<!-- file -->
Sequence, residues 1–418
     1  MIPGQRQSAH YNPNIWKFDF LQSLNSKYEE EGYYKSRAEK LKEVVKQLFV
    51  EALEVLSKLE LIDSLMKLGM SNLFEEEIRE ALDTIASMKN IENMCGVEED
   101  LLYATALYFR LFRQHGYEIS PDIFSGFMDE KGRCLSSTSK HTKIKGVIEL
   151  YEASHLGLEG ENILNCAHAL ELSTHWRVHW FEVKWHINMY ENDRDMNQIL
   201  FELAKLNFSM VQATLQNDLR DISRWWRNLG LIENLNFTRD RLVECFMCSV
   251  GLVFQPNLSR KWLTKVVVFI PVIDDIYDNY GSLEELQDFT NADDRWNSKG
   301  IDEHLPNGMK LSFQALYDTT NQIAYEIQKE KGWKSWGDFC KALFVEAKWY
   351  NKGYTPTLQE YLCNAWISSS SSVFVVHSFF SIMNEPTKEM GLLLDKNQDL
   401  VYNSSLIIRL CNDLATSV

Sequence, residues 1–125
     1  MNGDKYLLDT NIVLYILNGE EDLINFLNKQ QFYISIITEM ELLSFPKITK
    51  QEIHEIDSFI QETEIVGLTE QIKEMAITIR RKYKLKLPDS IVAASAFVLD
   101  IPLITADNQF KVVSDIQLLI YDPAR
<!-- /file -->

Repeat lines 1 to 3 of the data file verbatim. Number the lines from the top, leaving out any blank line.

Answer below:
Sequence, residues 1–418
     1  MIPGQRQSAH YNPNIWKFDF LQSLNSKYEE EGYYKSRAEK LKEVVKQLFV
    51  EALEVLSKLE LIDSLMKLGM SNLFEEEIRE ALDTIASMKN IENMCGVEED